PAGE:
I lived in Granada for almost 2 years and have also lived in Diriomo and Guanacaste (near Diriomo). I have never been assaulted physically but have been verbally harrassed quite a few times and had few near misses. A couple of times, I was the one doing the assaulting after being fed up with the verbal altercation. I have had my pocket picked for a couple hundred bucks. I know that I have been "sized up" many times to be mugged but for various reasons, it didn't come to pass. And I have been threatened second hand by someone delivering a message from some "pandilleros" in the area who were taking more than an interest in my comings and goings. This was dissuaded by casually mentioning, to the messenger,that I had to go clean my shotgun. I don't have a shotgun in Nicaragua but no one else knew that. My wife is Nicaraguan so I am permanently tied to the country. When we are there, I know that I am constantly "on guard" with myself and those around me. Whether on the bus or in a taxi or walking in the street. When I have to carry a lot of money and am completely tense and extremely cautious. One of the things I really enjoy about returning to the states is being able to walk down the street without someone asking me for money. It's sad but I find myself altering my routes in Nicaragua just to avoid areas, where I know the "aggressive" beggers are. I find it very, very hard to relax in Nicaragua. I also believe that the incidence of crime has increased over the last few years and will continue to do so with the increase in poverty, due to high food and fuel prices, and the huge lack of opportunity to work there. My wife and I, lately have been spending 4 months (wintertime usa) in Nic and 8 in the States to work. We have discussed the idea to continue to do that for a few more years and then retire in Nic. However, I feel that Nicaragua may no longer be a place where I can enjoy my older years. Presently, I am in my fifties and in good physical shape so I feel I can pretty much hold my own if a problem would arise where I would need to defend myself or my wife. But I am not getting any younger and the older I get, the more I realize I become a "potential" target for people with criminal intent. So between the combination of conditions worsening in Nica and my getting older and less capable, I am beginning to feel that I might have to rethink my plans. Just the idea that I might have to get a gun permit and carry a concealed (or not so concealed) weapon on me, on a daily basis, gives me pause. The idea that I need to resort to various "tricks" with taxi drivers and others just to keep myself safe gives me pause. The idea that I could never leave my home without having someone "guard" it for me while I was away, gives me pause. The idea that, as a Gringo, I am looked upon as a walking bankroll (and a target) by venders, taxistas, petty and not so petty crooks and various other "opportunistic" people gives me pause. It's interesting to read so many posts on here that take all this for "normal" and just the cost of choosing to live in Nicaragua. And if I would have to live in a "gated community", I might as well just live in the US. It's true that "Nicaragua is not for everyone"... and it seems each year that it's less and less for me. It's sad and it's a shame. But I think that when I retire, I will want to also "relax".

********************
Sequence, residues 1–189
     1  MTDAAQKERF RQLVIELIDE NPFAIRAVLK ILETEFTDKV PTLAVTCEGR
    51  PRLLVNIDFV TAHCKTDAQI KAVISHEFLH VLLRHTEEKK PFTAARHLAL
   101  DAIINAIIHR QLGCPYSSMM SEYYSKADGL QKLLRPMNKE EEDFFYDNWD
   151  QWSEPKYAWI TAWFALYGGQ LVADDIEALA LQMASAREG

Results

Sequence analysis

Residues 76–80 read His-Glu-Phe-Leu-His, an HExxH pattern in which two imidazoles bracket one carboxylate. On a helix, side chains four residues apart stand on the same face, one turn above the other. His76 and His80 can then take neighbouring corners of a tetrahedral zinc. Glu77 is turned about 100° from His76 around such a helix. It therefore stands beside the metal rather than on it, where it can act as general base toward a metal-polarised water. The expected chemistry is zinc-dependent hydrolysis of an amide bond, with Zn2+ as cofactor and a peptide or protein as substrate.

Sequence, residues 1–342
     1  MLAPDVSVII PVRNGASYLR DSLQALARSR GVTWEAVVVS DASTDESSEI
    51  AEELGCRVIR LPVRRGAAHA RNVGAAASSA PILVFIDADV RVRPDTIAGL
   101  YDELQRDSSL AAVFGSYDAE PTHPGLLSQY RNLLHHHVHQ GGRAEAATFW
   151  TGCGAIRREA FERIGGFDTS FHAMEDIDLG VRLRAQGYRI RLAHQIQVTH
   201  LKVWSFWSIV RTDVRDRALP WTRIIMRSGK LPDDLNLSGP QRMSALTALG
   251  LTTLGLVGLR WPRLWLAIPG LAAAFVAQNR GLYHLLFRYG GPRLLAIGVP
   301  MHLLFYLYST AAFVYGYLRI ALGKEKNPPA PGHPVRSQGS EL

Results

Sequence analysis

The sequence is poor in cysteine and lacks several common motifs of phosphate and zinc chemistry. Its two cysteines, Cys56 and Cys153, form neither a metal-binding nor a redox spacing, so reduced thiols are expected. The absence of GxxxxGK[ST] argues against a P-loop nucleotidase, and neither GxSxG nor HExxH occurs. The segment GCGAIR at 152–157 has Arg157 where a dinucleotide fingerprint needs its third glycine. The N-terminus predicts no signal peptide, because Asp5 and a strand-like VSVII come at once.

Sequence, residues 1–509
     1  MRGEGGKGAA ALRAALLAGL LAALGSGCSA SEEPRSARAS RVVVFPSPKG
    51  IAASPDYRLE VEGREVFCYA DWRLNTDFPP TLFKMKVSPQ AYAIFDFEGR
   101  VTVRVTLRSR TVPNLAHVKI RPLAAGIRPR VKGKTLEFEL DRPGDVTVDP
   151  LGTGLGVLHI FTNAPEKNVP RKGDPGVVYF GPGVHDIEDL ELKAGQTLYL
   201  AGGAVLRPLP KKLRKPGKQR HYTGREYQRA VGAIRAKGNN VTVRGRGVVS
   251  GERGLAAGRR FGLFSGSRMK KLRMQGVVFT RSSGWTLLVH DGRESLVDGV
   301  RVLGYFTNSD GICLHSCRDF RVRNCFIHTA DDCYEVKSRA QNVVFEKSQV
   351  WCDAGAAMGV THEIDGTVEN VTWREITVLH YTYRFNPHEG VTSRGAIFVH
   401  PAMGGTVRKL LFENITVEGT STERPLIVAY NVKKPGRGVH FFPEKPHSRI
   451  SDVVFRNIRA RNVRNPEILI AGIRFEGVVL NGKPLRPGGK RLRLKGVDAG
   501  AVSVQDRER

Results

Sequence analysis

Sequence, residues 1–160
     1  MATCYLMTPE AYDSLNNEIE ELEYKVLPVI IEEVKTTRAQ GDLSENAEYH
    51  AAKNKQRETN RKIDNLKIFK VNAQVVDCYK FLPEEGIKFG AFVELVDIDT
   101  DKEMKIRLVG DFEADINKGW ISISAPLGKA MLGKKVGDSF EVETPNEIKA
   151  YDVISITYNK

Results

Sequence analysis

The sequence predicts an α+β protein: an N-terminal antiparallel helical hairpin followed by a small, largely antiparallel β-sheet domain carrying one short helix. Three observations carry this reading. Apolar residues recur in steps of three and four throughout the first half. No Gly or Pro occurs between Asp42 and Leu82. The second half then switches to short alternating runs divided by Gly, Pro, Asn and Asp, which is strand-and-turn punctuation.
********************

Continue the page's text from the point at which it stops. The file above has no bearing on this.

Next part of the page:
"If you ain't bleeding, you ain't working!"

  22. #22

    Default

    I look at the stress factors in the US and Nicaragua.

    I can either shorten my life with trying to figure out how to pay for the bills and Taxes in the US

    or

    I can shorten my life with the stress worrying about who might be behind me or who wants to sneak into my house in Nicaragua.

    -----------

    One thing that is begining to worry me about Nicaragua is that the cost factor could one day reach a point where its as stressful as the US, in that case the US would look like the place to least shorten my life. but then I am very tied to Nicaragua through my wife and children so only way I am leaving is if they leave with me.

  23. #23
    Viejo del Foro Just Plain John Wayne's Avatar
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    I believe JMc it would be not much different than living in an inner city in the states...My thoughts are to be a difficult nut to crack, make the bad guy´s go look and easyier target, there are all kinds of electronic servailance systems for sale and all kinds of ways to leave suttle messages...(dead falls) to discourage even the most determined of them....I really do not worry to much, since I made a few of them comment about the gringo on the block at one of their union meetings...Don´t F*ck with the gringo, he will hurt you....going some places alone and or drinking is just asking for it in many neighborhoods...Your common sence got you this far in life, forget the worrying... just keep your eyes open and use that good brain God gave you....When you look outside your house remember....Its a jungle out there and plenty of wild animals on the hunt...Nowhere here will their be a police responce like in the USA, but then again look at the difference in cost, as in TAXES.....
    To be called a "Has Been" I must surmise, is much Greater than to be called a "Nevah Been"... JW...



  24. #24

    Default i appreciate

    all posts on this thread, as security is a serious issue. i will attempt to use several layers of security to make my home a hard target.
    All this for a flag? Michelle Obama http://hotair.com/archives/2011/11/0...our-years-ago/

  25. #25

    Default

    Quote Originally Posted by Dr. Demento View Post
    all posts on this thread, as security is a serious issue. i will attempt to use several layers of security to make my home a hard target.
    You could dig a small tunnel to the side of the cliff and drop a rope ladder when you need to escape